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05-15-2007, 06:14 PM   #1
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Correct Exposure on the Beach

When I shoot pictures of my kids at the beach the shots are always to bright. Any suggestions on how I can adjust for this within the camera?

Thanks

05-15-2007, 06:24 PM   #2
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QuoteOriginally posted by MShawn63 Quote
When I shoot pictures of my kids at the beach the shots are always to bright. Any suggestions on how I can adjust for this within the camera?

Thanks
Well, depending on how you go about it, that could be a lengthy response, so I'll suggest that your "exposure compensation" function would probably be one of the quicker ways to do something proactive about it...
05-15-2007, 06:27 PM   #3
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I typically will dial in minus EV from .5 to 1.0 in high light conditions. It really depends a lot on the overall light and subject matter.
Surprisingly, in film days, the tendency was more toward under exposure rather than over.
Another problem I have discovered with my K10 is that in high ambient light when I am chimping, otherwise good exposures look too light to me. Then, after I adjust accordingly, I later find that the origonal exposure was more correct. Not always but more often than not.

Walt
05-15-2007, 06:49 PM   #4
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well, the forum was being updated so I just repeated the above two posters.


another suggestion would be to try the "snow/surf" mode in the scene program.

(but check your histogram to be sure you're really overexposing those shots - on my K110D, even turning the LCD brightness down, it looks too bright to me - but the histogram tells a different story..

I also use the "show bright portion" option, so the blown out highlights blink when the image is shown on the LCD screen - then I know for sure what's blown out and what still has detail.


Last edited by khardur; 05-15-2007 at 06:52 PM. Reason: cut out redundant stuff
05-16-2007, 01:23 AM   #5
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QuoteOriginally posted by newtmaker Quote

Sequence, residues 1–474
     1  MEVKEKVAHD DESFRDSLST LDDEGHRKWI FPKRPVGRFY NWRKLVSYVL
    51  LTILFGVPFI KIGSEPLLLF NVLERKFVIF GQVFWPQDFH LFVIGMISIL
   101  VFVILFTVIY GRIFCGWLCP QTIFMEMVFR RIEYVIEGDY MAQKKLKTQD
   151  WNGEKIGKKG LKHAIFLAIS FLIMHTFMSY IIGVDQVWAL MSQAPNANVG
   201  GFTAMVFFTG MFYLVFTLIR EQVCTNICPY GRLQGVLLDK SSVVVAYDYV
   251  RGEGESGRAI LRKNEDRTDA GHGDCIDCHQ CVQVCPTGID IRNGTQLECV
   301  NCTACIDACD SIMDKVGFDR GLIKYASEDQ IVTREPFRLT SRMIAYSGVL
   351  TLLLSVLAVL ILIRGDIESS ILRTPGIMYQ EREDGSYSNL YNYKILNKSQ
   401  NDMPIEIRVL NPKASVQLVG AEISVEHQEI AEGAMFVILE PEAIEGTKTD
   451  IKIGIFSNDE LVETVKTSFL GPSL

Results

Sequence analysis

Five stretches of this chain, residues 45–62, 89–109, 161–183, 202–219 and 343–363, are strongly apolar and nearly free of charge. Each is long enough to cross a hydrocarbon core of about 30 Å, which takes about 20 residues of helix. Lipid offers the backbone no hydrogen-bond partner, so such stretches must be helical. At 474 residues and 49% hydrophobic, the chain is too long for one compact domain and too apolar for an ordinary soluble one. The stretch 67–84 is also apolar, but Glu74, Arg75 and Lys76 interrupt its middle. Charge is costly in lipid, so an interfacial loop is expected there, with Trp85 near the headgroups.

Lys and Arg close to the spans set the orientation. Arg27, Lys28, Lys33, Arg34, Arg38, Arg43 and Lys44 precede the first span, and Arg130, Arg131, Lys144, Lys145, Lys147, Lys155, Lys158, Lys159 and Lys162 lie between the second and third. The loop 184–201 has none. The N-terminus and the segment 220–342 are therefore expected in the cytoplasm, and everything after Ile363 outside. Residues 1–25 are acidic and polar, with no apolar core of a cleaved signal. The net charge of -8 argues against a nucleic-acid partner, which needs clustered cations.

I typically will dial in minus EV from .5 to 1.0 in high light conditions. It really depends a lot on the overall light and subject matter.
Surprisingly, in film days, the tendency was more toward under exposure rather than over.
Another problem I have discovered with my K10 is that in high ambient light when I am chimping, otherwise good exposures look too light to me. Then, after I adjust accordingly, I later find that the origonal exposure was more correct. Not always but more often than not.

Walt
i have the same experience as yours. i guess the LCD in the k100d adds some .5 or .7 EV to the actual exposure, or the actual camera itself underexposes, as what you said about the film cameras. that's why i've learned, just recently, to slightly overexpose my images in the camera so that when i transfer it on lightroom or photoshop the exposure would be correct.
05-16-2007, 04:15 AM   #6
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Try taking your meter reading from the sunny blue sky

If you don't already own it, I highly recommend you purchase Understanding Exposure by Brian Peterson.
05-16-2007, 10:03 AM   #7
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Thanks for all the responses. I'll be doing my shooting with my K10D this year vice using my *istD. I'll try setting the .EV and seeing what that looks like. Gotta love the flexibility with digital to be able to see the results so quickly.

MPrince, I do have the book Understanding Exposure, I'll have to re-read it.

Thanks again
05-16-2007, 05:26 PM   #8
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That's funny, if i leave the cam on auto my beach/snow photos are always too dark as the camera sees a bright image and stops down. I dial in a + (plus) compensation, not - (minus) .

05-16-2007, 06:05 PM   #9
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Arpe,

I get the exact opposite. I'm always fighting the suns reflection off the ocean and the sand trying to get the correct exposure. I'm going to bring a polarizing filter to see if that makes a difference..

Shawn
05-17-2007, 05:19 PM   #10
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That should help.
05-17-2007, 05:25 PM   #11
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I have to agree with Dan.

use the histogram, look at the shots, and adjust only your exposure compensation with the histogram in mind.

Using the display is very misleading and is prone to error due to ambient light.

the other way to look at things, especially with the K10 is to set the over/under exposure warning on, on the display. it shows red for over exposure and you can see what highlights are burned out
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